"Public" means affecting or likely to affect persons in a place to which the public or a substantial group has access; among the places included are highways, transport facilities, schools, prisons, apartment houses, places of business or amusement, or any neighborhood.
(2) Grading. An offense under this section is a petty
misdemeanor if the actor's
purpose is to cause
substantial harm or serious inconvenience, or if he persists in disorderly
conduct after reasonable warning or request to desist. Otherwise disorderly
conduct is a violation.
Section 250.5. Public Drunkenness; Drug Incapacitation.
A person is guilty of an offense if he appears in any public place
manifestly under the influence of alcohol, narcotics or other drug, not
therapeutically administered, to the degree that he may endanger himself
or other persons or property, or annoy persons in his vicinity. An
offense under this Section constitutes a petty misdemeanor
if the actor has been convicted hereunder twice before within a period
of one year. Otherwise the offense constitutes a violation.
Section 250.6. Loitering or Prowling.
A person commits a violation
if he loiters or prowls in a place,
at a time, or in a manner not usual for law-abiding individuals under circumstances
that warrant alarm for the safety of persons or property in the vicinity.
Among the circumstances which may be considered in determining whether
such alarm is warranted is the fact that the actor takes flight
upon appearance of a peace officer, refuses to identify himself, or manifestly
endeavors to conceal himself or any object. Unless flight by the
actor or other circumstance makes it impracticable, a peace officer shall
prior to any arrest for an offense under this section afford the actor
an opportunity to dispel any alarm which would otherwise be warranted,
by requesting him to identify himself and explain his presence and conduct.
No person shall be convicted of an offense under this Section if the peace
officer did not comply with the preceding sentence, or if it appears at
trial that the explanation given by the actor was true and, if believed
by the peace officer at the time, would have dispelled the alarm.
Section 250.7. Obstructing Highways and Other Public Passages.
(1) A person, who, having no legal privilege to do so, purposely or recklessly obstructs any highway or other public passage, whether alone or with others, commits a violation, or, in case he persists after warning by a law officer, a petty misdemeanor. "Obstructs" means renders impassable without unreasonable inconvenience or hazard. No person shall be deemed guilty of recklessly obstructing in violation of this Subsection solely because of a gathering of persons to hear him speak or otherwise communicate, or solely because of being a member of such a gathering.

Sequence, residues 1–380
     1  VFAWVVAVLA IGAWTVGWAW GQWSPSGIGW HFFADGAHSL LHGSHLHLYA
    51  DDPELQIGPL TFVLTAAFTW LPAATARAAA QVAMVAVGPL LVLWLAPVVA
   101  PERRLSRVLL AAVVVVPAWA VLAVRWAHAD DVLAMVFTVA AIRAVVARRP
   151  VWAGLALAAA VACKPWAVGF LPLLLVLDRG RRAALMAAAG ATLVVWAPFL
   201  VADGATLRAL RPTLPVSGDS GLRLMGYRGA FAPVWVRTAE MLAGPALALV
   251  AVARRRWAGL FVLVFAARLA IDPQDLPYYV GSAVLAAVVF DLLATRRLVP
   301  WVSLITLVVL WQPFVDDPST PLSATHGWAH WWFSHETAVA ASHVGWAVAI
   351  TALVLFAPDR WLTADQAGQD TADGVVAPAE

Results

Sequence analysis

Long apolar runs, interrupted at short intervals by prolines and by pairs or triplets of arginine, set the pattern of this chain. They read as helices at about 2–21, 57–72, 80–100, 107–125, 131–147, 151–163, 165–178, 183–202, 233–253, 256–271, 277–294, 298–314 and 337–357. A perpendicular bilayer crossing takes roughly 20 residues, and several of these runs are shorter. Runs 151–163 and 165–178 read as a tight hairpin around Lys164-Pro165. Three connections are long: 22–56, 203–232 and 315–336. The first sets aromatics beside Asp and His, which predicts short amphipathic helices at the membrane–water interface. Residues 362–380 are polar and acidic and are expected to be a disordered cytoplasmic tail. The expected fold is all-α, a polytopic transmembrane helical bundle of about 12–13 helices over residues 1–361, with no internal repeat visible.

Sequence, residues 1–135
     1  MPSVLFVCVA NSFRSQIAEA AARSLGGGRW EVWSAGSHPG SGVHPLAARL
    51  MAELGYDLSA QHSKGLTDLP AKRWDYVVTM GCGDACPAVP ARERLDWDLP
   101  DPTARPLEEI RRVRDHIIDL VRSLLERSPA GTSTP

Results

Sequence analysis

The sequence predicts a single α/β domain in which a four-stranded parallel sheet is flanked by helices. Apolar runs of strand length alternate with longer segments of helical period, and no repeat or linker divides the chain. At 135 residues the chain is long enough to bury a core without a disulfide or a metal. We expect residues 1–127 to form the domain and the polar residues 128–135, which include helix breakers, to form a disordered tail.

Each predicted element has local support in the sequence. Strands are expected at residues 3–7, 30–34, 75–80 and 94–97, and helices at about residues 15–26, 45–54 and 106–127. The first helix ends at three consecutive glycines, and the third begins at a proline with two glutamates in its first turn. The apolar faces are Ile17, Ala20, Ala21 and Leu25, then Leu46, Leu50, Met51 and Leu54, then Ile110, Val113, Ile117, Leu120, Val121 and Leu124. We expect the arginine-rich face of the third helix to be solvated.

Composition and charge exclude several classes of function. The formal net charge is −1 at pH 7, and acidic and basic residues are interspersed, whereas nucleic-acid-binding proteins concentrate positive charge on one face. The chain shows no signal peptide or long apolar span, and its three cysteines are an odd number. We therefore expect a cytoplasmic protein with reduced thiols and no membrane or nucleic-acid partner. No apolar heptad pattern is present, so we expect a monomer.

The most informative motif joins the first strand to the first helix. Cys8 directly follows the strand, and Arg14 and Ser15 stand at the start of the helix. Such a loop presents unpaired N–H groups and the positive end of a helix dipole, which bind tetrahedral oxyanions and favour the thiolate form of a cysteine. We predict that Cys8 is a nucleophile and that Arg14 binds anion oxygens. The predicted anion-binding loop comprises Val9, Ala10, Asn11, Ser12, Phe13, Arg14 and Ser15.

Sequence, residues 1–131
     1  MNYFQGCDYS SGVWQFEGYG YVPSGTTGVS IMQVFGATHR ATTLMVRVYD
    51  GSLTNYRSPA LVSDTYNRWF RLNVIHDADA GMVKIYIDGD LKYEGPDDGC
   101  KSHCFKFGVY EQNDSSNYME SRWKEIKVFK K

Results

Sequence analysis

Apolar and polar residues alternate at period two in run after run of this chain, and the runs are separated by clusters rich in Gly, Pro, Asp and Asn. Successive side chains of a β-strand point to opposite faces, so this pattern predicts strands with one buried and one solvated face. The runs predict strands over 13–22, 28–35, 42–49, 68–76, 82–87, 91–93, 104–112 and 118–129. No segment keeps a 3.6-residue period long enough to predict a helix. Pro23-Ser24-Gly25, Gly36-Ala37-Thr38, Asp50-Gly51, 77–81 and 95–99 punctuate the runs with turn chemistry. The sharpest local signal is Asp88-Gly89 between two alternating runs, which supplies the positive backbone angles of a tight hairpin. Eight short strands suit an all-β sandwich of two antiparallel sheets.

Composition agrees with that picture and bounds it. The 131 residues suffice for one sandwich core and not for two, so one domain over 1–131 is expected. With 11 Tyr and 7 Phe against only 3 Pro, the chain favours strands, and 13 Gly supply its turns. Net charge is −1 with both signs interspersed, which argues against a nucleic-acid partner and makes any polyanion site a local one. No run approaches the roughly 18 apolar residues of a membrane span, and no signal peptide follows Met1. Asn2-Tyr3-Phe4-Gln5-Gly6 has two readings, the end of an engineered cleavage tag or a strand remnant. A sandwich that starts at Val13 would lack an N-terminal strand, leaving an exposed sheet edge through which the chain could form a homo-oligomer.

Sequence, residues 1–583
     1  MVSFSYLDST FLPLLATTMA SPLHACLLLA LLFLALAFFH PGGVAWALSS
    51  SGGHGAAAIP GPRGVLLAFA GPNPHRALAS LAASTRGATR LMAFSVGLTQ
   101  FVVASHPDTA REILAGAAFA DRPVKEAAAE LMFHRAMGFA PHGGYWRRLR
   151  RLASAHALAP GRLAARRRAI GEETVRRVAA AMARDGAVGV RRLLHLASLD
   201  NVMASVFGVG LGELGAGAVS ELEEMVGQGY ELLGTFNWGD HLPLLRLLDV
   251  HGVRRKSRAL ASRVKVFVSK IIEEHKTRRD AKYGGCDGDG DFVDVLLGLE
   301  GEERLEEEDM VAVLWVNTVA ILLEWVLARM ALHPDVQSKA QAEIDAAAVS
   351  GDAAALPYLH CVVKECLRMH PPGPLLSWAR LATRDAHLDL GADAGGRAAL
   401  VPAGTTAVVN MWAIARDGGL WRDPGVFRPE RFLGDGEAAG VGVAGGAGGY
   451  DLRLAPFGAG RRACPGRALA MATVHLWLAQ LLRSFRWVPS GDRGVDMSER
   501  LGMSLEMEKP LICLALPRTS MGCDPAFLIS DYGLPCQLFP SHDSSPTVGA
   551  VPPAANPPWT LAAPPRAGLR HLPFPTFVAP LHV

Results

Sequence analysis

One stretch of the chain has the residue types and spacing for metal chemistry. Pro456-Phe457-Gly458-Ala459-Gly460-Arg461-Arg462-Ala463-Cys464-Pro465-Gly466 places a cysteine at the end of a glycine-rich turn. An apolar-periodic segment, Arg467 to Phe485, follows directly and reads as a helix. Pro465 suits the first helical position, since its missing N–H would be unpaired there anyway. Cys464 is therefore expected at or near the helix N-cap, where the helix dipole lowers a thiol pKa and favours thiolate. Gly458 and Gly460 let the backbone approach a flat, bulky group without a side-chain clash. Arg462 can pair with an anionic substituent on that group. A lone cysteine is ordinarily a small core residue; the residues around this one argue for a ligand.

(2) A person in a gathering commits a violation if he refuses to obey a reasonable official request or order to move:
(a) to prevent obstruction of a highway or other public passage; or
(b) to maintain public safety by dispersing those gathered in dangerous proximity to a fire or other hazard.
An order to move, addressed to a person whose speech or other lawful
behavior attracts an obstructing audience, shall not be deemed reasonable
if the obstruction can be readily remedied by police control of the size
or location of the gathering.
Section 251.2. Prostitution and Related Offenses.
(1) Prostitution. A person is guilty of prostitution, a petty misdemeanor, if he or she:
(a) is an inmate of a house of prostitution or otherwise engages in sexual activity as a business; or
(b) loiters in or within view of any public place for the purpose of being hired to engage in sexual activity.
"Sexual activity" includes homosexual and other deviate sexual relations. A "house of prostitution" is any place where prostitution or promotion of prostitution is regularly carried on by one person under the control, management or supervision of another. An "inmate" is a person who engages in prostitution in or through the agency of a house of prostitution. "Public place" means any place to which the public or any substantial group thereof has access.
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(5) Patronizing Prostitutes. A person commits a violation if he hires a prostitute to engage in sexual activity with him, or if he enters or remains in a house of prostitution for the purpose of engaging in sexual activity.